National Geographic : 2017 Oct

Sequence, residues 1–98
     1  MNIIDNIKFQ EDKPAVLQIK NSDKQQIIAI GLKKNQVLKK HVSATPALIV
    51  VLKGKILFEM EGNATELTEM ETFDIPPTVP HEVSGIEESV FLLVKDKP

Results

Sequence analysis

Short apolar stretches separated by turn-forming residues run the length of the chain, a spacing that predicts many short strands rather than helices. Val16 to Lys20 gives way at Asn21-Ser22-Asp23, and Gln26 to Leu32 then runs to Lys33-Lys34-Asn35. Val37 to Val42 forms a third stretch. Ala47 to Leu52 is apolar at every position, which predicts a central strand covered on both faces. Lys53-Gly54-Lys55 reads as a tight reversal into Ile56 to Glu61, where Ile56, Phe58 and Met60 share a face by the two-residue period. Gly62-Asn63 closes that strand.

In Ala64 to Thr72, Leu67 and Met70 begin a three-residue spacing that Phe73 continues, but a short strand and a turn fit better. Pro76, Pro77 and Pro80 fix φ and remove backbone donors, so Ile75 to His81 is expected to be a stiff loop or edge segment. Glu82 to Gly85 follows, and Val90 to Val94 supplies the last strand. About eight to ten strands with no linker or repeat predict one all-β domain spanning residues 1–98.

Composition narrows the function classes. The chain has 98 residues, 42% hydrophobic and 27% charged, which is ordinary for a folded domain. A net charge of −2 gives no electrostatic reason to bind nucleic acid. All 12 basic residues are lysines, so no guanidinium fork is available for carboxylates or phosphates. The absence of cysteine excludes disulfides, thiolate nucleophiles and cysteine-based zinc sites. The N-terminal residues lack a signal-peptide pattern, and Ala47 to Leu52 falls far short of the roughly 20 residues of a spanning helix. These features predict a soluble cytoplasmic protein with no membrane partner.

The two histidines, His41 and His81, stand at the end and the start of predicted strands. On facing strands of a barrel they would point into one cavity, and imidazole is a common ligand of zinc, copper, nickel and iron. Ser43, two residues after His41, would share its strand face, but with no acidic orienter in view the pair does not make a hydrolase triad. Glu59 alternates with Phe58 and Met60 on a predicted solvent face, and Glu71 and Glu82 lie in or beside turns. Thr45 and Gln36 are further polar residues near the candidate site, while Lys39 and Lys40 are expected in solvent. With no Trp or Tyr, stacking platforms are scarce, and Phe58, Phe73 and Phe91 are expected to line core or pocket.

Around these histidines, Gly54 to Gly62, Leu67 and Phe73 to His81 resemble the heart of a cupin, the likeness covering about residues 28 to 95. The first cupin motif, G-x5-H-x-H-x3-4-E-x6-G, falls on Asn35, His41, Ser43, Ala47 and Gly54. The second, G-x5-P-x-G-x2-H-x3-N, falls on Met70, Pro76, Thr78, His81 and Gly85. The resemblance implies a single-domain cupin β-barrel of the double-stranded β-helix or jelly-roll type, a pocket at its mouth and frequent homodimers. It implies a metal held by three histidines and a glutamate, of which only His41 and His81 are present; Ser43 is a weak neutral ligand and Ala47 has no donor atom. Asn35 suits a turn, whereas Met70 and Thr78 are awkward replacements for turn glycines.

investment every year, “and you’re not going to get that shooting lions for $10,000.” For some, the hunting-antihunting debate boils down to Western environmentalists try- ing to dictate their agenda to Africa—a form of neocolonialism, as Marnewecke puts it. “Who gives anybody the right, sitting in another conti- nent, to preach to us how we should manage our wildlife?” Hunters make the point that with all the outfitters paying to operate in conservancies and with trophy hunters paying fees for the game they shoot, hunting indeed has made significant financial contributions to the continent, and to habitat protection, while all that antihunting forces have done is make noise. As for what happens to the hunters’ fees, that is notoriously hard to pin down—and impossible in kleptocracies. And anyway, Packer says, when Minimum price for trophy hunting packages in 2011 (in U.S. dollars) Mozambique Namibia Tanzania Zambia Zimbabwe Cape buffalo Leopard African elephant Lion $24,113 $12,893 $55,530 $73,228 $76,116 $19,772 $45,686 $39,101 THE PRICE ON THEIR HEADS The cost of trophy hunts in Africa varies widely by country and animal. In addition to an outfitter’s daily rate, the overall cost can include fees to governments and landowners and money for community develop- ment support and antipoaching measures. MONICA SERRANO, NGM STAFF; MEG ROOSEVELT SOURCE: PETER A . LINDSEY, VERNON BOOTH, AND OTHERS, PLOS ONE, 2012 it comes to funding lion conservation, “it’s such an underwhelming amount generated by sport hunting, it’s no wonder that despite years of lion hunting being allowed in these countries, the lion population has plummeted.” The International Union for Conservation of Nature, which mon- itors animal populations, reports that the num- ber of lions in five populations in Tanzania fell by two-thirds from 1993 to 2014. Yet hunters say they’ve helped fund every- thing from health clinics to schools to water wells to boots-on-the-ground assistance against poachers, all while leaving a lighter footprint on the land than the often cited alternative to killing game: wildlife-watching in the form of photographic safaris. The UN World Tourism Organization estimated that 35.4 million interna- tional tourists visited sub-Saharan Africa in 2015 and spent $24.5 billion. Operations designed to attract a higher-end clientele that craves a warm shower, big meal, and cool drink at the end of the day require infrastructure and equipment, may- be including a fleet of vehicles. There’s a danger, some hunters argue, that too many tourists will spoil the very experience they’re seeking. “ The Serengeti is amazing,” says Natasha Illum-Berg, a Swedish-born pro- fessional buffalo hunter based in Tanzania, who, like Marnewecke, leads clients into the bush for “hunting experiences” and trophies. “ The Ngorongoro Crater is a miracle. All these national parks that are filled with minibus after minibus of photographic tourists—it’s fantastic,” she says, noting that the minibuses also put pressure on those iconic wildlands. “But what about the other areas?” she says. “How many people have been to the area I work in, that’s 500 square miles? This year maybe 20 people.” Without trophy hunting, Illum-Berg argues, there would be no antipoach- ing there, no management. “I keep on saying: Give me a better idea than hunting as long as it’s sustainable.” She adds, “The big question in the end is, ‘Who’s going to pay for the party?’” the earlieSt eViDence of an elephant having been killed by human hands dates back to a blue- mud swamp in Siberia nearly 14,000 years ago.